Q. What advice do you have for a customer looking to hire a provider like you?
A. Entrusting your health care to a provider is an important decision: take time to do your research on the Web, various rating groups, and ask your friends for their recommendations. Then meet with the doctor to ask questions and determine if it is a good match. Don't always look for the lowest price...scrimping here is usually not a good idea.
Q. If you were a customer, what do you wish you knew about your trade? Any inside secrets to share?
A. Many chiropractors will want to set you up on a long-term plan of care; I think that is "over-selling" the product. You should get a home-based stretching and exercise plan to help maintain your spinal health once you are out of pain. If your doctor just keeps adjusting you, and isn't working to move you into more and more activity, you may want to find another doctor.
Q. What do you like most about your job?
A. Every person is unique, like a complex marionette with a million strings holding them together. I love to find ALL the connections that need correction: the tight strings, the loose strings, and the "sprung springs"...and set out on a planned re-tuning of the Marionette (oops...I mean the patient!) That also includes working with stress and their response to stress, exercises, stretching, and mental attitude. I love people.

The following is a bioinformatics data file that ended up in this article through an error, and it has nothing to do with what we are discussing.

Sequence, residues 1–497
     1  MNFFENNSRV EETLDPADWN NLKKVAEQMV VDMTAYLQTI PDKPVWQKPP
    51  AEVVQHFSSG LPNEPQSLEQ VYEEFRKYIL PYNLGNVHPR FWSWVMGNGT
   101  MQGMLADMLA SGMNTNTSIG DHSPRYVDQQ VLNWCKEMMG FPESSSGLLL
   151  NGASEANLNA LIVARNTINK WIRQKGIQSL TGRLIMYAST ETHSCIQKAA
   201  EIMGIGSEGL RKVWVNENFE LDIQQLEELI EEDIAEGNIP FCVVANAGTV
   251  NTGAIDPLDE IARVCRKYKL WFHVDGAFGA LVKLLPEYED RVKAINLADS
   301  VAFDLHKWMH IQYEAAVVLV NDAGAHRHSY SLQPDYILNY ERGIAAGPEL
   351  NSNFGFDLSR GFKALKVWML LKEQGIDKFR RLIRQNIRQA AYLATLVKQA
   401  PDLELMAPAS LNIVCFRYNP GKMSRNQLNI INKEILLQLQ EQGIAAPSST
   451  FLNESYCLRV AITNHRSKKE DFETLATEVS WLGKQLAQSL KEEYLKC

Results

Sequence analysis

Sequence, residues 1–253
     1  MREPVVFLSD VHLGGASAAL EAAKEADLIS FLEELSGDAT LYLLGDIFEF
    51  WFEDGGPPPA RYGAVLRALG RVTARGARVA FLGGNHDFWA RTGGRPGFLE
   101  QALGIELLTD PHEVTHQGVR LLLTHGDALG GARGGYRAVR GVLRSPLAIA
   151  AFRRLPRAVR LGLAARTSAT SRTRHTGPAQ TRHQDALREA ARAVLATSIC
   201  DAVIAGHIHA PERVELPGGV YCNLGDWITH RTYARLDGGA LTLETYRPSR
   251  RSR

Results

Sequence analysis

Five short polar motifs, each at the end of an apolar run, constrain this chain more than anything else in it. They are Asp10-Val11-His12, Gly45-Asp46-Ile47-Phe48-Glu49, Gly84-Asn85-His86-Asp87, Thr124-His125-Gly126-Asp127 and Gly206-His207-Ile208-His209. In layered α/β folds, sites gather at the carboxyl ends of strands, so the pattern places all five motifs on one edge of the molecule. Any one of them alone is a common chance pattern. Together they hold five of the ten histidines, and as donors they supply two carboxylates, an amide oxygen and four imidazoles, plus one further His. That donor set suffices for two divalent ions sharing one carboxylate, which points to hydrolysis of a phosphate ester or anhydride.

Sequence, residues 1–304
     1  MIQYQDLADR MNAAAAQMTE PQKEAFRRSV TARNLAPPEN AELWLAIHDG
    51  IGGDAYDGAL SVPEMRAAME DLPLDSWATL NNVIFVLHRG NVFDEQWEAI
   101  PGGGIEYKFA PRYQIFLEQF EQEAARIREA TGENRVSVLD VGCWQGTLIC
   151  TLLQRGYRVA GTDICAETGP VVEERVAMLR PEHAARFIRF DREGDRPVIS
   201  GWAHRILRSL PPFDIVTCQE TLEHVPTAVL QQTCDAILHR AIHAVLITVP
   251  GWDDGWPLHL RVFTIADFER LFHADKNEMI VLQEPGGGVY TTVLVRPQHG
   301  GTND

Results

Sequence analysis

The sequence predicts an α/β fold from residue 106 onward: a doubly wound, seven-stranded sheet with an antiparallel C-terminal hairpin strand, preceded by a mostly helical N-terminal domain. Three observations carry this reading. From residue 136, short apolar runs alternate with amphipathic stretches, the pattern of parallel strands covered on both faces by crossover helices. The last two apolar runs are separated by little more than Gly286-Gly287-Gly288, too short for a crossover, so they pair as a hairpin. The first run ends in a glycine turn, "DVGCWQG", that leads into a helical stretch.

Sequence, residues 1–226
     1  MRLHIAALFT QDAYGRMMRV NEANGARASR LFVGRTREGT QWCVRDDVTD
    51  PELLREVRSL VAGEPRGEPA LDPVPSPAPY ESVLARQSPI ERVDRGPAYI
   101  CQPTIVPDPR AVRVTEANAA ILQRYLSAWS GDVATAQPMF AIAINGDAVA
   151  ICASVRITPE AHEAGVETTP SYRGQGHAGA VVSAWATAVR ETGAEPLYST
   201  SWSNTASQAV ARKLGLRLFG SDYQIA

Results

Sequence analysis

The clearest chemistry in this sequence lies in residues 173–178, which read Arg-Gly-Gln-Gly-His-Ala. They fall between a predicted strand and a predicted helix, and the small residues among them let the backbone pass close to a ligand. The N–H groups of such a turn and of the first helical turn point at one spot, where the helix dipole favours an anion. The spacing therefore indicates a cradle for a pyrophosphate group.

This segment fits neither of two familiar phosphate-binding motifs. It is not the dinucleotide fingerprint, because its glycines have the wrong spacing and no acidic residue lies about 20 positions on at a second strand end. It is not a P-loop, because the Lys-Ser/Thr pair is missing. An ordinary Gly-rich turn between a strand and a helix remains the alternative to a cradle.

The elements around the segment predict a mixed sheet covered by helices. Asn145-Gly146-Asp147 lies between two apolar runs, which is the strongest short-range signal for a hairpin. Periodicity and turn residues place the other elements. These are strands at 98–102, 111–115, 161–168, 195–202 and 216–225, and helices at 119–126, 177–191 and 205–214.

Q. What are the latest developments in your field? Are there any exciting things coming in the next few years or decade that will change your line of business?
A. The spondylogenic reflex is going to become the new Normal when it comes to working with the body. European researchers discovered how each spine level has reflex-tightening of a variety of near (and far!) sets of muscles...and that once the reflex is set off, it tends to trigger OTHER spinal distortions, and on and on. Working with Dr Frank Jarrel, an innovative Clinician from Durango, I have been learning how to treat some amazingly "hard to treat" problems...with good success.